Victorians have been thrown a lifeline by the state government in the form of a $534 million stimulus package, as the state battles a resurgence in coronavirus infections.
The package includes a $5,000 cash grant for struggling businesses, mental health support for business owners, relief for out-of-work tourism operators, and tailored advice for businesses to bounce back on the other side, Victoria treasurer Tim Pallas announced on Friday.
The $5,000 grant is in addition to the $10,000 already given to businesses, according to tourism minister Martin Pakula.
The package will also dedicate $30 million to the hardest-hit businesses in hospitality and Melbourne’s ailing night-time economy, Pallas said.
The state government also established a $20 million fund specifically for businesses in the CBD suffering a major loss in foot traffic as a result of social distancing measures.
“This is not a government simply saying this is it and we're out. This is us saying, ‘we're here with you all the way through what will be a very traumatic, a very distressing and a very difficult time for all Victorians’,” Pallas said.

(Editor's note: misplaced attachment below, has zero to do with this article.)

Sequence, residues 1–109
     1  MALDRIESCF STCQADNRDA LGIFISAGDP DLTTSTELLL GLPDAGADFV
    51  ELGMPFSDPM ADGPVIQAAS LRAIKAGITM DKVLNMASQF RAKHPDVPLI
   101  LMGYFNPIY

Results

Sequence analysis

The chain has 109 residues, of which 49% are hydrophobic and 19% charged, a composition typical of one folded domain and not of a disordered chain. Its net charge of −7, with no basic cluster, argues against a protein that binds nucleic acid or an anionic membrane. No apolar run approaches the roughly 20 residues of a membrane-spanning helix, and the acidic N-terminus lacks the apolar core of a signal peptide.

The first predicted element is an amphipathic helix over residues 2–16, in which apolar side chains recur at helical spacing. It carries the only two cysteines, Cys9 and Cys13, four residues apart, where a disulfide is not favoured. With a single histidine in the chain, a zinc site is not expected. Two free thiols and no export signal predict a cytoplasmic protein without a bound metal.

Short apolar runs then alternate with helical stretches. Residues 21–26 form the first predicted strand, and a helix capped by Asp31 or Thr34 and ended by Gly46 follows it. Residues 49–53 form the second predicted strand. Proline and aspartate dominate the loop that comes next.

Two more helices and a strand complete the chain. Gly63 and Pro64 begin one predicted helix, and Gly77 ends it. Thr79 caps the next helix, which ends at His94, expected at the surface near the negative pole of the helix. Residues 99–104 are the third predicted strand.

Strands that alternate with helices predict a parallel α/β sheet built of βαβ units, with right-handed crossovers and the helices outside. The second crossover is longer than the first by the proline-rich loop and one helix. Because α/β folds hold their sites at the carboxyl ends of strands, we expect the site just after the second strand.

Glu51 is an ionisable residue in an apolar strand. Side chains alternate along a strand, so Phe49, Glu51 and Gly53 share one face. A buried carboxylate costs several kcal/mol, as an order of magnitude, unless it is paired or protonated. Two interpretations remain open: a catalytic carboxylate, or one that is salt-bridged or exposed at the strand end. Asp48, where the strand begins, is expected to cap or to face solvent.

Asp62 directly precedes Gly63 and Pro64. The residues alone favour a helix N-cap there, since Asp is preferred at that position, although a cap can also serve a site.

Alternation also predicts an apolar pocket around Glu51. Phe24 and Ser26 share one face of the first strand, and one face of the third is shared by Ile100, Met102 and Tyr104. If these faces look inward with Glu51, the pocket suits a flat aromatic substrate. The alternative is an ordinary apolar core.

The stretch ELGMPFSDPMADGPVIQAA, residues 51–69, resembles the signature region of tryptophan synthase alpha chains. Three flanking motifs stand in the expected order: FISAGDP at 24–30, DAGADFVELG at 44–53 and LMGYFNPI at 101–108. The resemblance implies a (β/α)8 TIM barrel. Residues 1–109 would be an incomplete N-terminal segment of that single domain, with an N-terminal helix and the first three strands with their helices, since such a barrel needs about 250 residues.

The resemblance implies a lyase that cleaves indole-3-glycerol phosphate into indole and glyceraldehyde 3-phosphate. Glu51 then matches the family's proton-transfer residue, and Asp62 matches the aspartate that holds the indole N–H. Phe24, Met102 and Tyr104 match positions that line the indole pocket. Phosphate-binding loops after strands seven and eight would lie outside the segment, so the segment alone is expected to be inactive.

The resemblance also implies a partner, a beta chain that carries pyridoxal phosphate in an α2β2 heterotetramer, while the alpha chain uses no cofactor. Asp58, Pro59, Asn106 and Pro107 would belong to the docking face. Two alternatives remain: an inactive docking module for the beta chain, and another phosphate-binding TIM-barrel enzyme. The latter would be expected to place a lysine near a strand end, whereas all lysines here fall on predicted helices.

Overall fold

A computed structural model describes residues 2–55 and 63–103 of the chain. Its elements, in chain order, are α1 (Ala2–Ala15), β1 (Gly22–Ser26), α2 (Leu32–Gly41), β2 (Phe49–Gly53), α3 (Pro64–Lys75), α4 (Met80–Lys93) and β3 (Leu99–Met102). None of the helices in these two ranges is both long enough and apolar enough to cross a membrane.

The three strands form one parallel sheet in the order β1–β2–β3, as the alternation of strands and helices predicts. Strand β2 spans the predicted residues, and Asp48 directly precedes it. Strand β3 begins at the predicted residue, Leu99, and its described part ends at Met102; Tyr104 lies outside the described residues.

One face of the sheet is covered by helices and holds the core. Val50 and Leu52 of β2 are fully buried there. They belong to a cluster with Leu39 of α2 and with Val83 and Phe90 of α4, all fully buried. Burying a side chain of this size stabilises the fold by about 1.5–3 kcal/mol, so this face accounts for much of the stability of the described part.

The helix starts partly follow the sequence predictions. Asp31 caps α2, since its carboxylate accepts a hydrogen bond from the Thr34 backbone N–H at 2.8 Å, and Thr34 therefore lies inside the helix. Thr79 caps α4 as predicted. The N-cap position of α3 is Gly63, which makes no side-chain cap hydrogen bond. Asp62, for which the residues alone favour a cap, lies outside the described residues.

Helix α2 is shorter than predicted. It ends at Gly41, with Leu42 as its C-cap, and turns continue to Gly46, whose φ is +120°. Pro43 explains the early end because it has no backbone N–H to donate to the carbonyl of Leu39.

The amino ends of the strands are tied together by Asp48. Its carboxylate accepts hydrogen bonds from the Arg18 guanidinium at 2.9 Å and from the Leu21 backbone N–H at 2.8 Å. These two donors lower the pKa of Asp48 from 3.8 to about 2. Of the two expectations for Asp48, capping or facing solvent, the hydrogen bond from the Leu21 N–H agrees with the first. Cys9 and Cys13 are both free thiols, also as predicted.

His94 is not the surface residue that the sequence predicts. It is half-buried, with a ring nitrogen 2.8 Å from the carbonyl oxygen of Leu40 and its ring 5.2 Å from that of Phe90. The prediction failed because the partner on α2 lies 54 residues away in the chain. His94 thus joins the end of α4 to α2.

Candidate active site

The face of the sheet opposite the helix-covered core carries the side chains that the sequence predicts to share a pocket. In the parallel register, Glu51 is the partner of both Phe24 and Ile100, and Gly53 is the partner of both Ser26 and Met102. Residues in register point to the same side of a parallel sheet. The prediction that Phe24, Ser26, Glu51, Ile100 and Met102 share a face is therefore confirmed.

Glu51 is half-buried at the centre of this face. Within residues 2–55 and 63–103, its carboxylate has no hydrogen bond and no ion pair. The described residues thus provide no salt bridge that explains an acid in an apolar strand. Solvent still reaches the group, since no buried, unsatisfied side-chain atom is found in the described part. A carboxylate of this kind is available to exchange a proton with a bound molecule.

“I apologise for it because this is nowhere where any Victorian wanted to be but it is the reality of the situation that we confront and the obligation upon us all is to put our best efforts towards helping everybody make it through to the other side of this event.”
Eligible businesses with payrolls of up to $10 million can also defer their tax liabilities for the first half of the 2020-21 financial year.
“This is a testing time for business,” Pallas said.
“It is a testing time for us all.”
Pakula said the government had also committed $36 million to a wellbeing program to provide mental health support to businesses during the crisis.
“We know how difficult this is for business and the focus of the government is over the next 40 days to get these numbers down as low as possible so that these businesses can return to something approaching normal so we can get that traffic and that activity reemerging in our businesses,” he said.
Treasurer ‘less optimistic’ about Victorian economic recovery
When asked about economic recovery, Pallas said expectations have been lowered.
“If you'd have asked me a few weeks ago, I would have probably been a little more optimistic,” he said.
“Today, I'm less so.”
The treasurer said the six-week lockdown would take around 14 per cent off previous June quarter GDP estimates, meaning the Victorian economy would take up to three years to recover.
“We are expecting that there will be literally billions of dollars written off the expected size of the
Victorian economy,” Pallas said.
“And the reason for that, of course, is that if businesses are not capable of operating in the way that they would like to, and that's as a consequence of our social distancing rules...we need to recognise that we have got to get through this as quickly as we can.”
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